A few years ago, I wrote a magazine article on the mathematics of the stock market. The assignment required that I spend considerable time interviewing the experts and studying the various theories, which is to say, whether stocks engage in a random walk of unpredictable fluctuations or whether their movements can be predetermined. If the latter is true, then the market is indeed a game that can be beaten by the better players, not just the lucky ones. I concluded, as do most experts and virtually all experimental studies on the subject, that for 99.99 percent or so of traders, buying a stock is a proposition, over the short term, at least, no more predictable than a coin toss, and losing money is as likely a result as making it. The remaining infinitesimal fraction comprises those pros who have spent fortunes on computing systems that will sift through vast amounts of data and find the exceedingly subtle patterns in the ebb and flow of stocks. They are also the ones who have the financial wherewithal to profit from those patterns before they vanish.
The “new economy” arrived, however, shortly after the publication of my article. I watched my friends and relatives, none of whom had shown particular signs of genius, cash in on the explosive growth of high-tech, Internet and dot-com stocks. New rules were in effect, I was told, and money could be made risk-free and hand-over-fist. After 18 months of passive-aggressive skepticism, I decided that perhaps I was wrong and they were right, and I bought a few tech stocks. The market then crashed, as the new economy revealed itself to be the old economy in the emperor’s new clothes, and it took the bulk of my investment with it.
The moral of this story, as I see it, is that despite anything the philosopher of science Thomas Kuhn might have said to the contrary, new paradigms are extraordinarily enticing. In science, they are the breakthrough theories or remarkable discoveries, the revolutions-Kuhn’s “conceptual world views”-that take a moribund field, mired in a swamp of conflicting data, and move it en masse to a new and fertile intellectual realm. In the business of technology, they are, in effect, the physical or financial manifestations of our prayers being answered: the next ubiquitous operating system, the latest revisionist approach to curing cancer or selling widgets online. They are, in their most trivial manifestations, “the new new thing,” to quote the author Michael Lewis. They are also usually too good to be true-but we will get to that later.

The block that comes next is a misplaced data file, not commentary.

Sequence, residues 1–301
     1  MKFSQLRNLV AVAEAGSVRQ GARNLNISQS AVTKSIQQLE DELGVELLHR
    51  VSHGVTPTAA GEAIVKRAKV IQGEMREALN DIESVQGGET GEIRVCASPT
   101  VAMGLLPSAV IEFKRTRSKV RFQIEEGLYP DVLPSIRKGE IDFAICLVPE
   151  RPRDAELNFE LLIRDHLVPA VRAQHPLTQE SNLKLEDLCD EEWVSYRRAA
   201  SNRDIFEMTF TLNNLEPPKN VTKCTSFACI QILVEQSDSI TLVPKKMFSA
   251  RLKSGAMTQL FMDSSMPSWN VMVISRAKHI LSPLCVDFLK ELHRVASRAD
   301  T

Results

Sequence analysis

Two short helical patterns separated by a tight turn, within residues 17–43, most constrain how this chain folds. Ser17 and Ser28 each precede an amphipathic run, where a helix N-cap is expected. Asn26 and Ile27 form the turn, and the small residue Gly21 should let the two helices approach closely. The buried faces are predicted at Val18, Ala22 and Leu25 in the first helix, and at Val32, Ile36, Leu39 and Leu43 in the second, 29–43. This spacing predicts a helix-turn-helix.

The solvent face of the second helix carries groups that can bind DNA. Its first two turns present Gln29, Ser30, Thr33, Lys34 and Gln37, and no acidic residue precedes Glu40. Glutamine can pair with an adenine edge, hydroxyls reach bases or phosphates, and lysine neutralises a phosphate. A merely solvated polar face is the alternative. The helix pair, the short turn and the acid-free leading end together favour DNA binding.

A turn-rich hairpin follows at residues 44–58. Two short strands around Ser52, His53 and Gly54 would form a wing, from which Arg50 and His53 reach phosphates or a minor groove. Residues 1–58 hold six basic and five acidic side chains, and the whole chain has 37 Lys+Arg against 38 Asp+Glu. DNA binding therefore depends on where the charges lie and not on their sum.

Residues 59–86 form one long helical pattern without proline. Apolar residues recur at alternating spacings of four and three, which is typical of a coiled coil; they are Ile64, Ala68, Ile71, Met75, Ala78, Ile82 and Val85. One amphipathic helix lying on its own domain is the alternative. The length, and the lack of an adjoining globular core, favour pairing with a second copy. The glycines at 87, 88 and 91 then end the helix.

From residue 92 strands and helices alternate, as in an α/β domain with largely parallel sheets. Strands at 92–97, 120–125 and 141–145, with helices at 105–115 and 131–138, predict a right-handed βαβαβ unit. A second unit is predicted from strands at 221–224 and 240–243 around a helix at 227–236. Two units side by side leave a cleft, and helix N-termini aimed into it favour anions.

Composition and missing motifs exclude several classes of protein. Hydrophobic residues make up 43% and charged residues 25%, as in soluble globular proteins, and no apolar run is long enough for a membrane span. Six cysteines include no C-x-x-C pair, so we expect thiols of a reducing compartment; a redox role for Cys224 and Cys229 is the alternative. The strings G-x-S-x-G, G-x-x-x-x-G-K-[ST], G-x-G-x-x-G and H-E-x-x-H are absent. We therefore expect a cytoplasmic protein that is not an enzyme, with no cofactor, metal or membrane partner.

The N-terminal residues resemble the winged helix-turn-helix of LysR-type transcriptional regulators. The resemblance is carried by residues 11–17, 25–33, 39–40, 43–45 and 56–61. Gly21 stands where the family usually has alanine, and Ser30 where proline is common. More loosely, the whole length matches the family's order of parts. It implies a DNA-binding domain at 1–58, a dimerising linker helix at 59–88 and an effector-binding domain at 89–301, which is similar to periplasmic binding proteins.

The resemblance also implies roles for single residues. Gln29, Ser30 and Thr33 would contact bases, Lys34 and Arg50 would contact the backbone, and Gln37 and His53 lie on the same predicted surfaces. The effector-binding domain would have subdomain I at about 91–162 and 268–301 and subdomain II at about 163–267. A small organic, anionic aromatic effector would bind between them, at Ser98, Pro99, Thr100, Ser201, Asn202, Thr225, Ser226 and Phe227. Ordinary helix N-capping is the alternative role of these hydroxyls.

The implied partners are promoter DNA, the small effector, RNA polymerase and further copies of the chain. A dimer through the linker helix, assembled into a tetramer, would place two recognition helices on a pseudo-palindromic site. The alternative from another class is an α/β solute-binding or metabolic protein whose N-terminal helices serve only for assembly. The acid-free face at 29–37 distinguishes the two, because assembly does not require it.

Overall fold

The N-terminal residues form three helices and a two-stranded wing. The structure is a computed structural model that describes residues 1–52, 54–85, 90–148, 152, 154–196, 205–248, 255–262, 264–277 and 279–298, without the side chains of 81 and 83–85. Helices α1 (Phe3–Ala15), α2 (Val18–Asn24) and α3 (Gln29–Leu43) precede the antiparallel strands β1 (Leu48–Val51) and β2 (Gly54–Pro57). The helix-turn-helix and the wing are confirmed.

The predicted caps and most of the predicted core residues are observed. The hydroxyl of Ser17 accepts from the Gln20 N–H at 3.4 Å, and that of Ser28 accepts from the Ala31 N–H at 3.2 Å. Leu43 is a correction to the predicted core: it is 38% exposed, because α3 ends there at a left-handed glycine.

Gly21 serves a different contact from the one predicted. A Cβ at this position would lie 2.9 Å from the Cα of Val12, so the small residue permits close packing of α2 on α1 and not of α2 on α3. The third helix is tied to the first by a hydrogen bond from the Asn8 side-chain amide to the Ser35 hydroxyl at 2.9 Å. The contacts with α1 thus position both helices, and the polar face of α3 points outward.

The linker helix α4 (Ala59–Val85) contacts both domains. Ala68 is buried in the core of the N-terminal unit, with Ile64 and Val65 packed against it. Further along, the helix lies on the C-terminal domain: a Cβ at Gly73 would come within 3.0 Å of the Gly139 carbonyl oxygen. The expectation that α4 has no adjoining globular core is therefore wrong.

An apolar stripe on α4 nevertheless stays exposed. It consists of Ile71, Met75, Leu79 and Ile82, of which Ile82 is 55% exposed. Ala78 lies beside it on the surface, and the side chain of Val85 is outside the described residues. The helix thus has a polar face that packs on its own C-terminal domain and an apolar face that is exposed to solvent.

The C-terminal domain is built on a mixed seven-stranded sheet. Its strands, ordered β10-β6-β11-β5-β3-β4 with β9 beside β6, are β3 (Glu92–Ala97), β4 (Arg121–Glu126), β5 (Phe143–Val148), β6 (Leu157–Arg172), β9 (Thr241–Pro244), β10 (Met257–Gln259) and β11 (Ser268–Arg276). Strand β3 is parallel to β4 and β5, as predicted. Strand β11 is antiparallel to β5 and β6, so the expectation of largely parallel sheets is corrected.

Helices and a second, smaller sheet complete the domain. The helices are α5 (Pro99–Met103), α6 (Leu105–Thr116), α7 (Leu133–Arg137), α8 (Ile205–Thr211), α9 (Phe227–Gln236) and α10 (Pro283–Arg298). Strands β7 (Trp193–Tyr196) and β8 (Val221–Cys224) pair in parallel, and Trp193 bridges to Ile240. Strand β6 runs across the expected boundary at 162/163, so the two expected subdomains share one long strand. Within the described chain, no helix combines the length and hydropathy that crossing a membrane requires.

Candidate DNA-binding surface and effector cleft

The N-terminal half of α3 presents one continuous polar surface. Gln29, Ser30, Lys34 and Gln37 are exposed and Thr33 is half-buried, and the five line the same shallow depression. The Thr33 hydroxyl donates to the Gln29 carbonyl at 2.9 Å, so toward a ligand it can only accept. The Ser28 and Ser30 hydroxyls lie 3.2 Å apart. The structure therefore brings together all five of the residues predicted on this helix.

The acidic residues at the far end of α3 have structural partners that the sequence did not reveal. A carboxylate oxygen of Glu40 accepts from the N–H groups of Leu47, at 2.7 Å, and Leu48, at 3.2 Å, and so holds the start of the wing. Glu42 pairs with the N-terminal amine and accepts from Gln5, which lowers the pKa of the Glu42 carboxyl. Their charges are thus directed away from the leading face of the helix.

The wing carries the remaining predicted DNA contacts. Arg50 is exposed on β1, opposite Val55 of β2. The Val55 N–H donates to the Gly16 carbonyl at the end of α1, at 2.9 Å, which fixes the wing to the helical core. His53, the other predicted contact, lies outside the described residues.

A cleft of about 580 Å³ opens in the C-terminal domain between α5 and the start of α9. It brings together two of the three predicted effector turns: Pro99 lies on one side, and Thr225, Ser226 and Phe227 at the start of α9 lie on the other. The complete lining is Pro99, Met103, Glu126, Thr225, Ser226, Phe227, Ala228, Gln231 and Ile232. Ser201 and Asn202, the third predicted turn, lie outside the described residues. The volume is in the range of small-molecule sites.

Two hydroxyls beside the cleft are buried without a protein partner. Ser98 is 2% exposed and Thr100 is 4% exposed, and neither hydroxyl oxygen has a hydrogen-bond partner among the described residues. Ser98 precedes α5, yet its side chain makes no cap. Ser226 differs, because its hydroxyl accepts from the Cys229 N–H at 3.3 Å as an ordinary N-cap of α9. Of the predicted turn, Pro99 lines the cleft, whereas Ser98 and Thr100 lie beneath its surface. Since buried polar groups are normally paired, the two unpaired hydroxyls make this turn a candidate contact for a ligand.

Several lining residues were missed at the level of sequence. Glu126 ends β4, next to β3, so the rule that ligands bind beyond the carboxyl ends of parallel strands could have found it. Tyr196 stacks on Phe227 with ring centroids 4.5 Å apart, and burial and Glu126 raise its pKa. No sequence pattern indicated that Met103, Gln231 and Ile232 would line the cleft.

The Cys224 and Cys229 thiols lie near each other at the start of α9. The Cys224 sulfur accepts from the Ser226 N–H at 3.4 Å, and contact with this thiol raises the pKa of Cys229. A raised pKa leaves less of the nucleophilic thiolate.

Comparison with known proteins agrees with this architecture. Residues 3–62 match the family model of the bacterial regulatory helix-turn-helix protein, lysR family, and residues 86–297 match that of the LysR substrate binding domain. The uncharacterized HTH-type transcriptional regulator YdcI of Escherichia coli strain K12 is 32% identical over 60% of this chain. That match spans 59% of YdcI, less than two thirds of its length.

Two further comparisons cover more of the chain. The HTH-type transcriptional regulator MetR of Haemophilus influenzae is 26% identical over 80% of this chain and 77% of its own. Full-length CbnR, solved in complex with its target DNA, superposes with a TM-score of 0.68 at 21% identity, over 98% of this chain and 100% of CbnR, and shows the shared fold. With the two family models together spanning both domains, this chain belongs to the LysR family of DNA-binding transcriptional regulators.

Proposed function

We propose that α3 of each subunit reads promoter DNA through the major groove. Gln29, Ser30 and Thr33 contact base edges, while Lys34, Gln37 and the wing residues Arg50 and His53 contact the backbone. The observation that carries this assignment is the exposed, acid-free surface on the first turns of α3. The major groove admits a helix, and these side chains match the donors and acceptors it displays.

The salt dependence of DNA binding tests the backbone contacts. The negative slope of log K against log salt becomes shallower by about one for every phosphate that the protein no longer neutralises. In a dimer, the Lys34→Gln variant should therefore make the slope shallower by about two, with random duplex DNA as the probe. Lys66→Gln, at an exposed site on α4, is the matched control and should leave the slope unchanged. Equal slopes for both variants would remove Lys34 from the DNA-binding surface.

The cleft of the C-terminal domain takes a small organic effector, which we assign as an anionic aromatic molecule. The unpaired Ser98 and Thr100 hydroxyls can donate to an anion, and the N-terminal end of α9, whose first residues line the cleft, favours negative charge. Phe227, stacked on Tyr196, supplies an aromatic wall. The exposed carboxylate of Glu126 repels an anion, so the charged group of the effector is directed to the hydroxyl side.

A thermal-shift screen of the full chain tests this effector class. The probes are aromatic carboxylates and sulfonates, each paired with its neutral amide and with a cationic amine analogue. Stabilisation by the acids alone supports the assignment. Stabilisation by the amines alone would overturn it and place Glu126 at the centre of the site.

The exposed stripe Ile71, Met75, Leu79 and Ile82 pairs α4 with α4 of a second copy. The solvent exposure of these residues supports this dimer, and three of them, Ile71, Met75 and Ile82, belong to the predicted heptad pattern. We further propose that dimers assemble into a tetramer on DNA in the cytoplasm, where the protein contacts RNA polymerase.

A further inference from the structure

As Kuhn saw it, and several generations of scientists, historians and journalists have told it since, new paradigms are accepted slowly, if not over the dead bodies of those who grew up with the old ones. Kuhn documented one great scientist after another, from Copernicus to Darwin to James Clerk Maxwell, who struggled relentlessly against the resistance of mediocre minds and later was vindicated. It was the German physicist Max Planck who set down the definitive words on the subject: “a new scientific truth,” Planck wrote, “does not triumph by convincing its opponents and making them see the light, but rather because its opponents eventually die, and a new generation grows up that is familiar with it.”
The salient question, however, is why the existence of “opponents”? And the answer, noted by Kuhn, although often ignored since, is surprisingly simple: a potential new paradigm or a remarkable breakthrough has opponents primarily because the data supporting it are not persuasive. Albert Einstein, for instance, may have refused to accept that God plays dice with the universe-the essence of quantum mechanics, which holds that the universe at its heart is a probabilistic and uncertain place-simply because the data supporting the existence of God’s alleged gambling habit were then ambiguous. After a sufficient hypothesis and test, the data supporting the quantum mechanics revolution became compelling, and even Einstein was convinced (although perhaps not happy about it).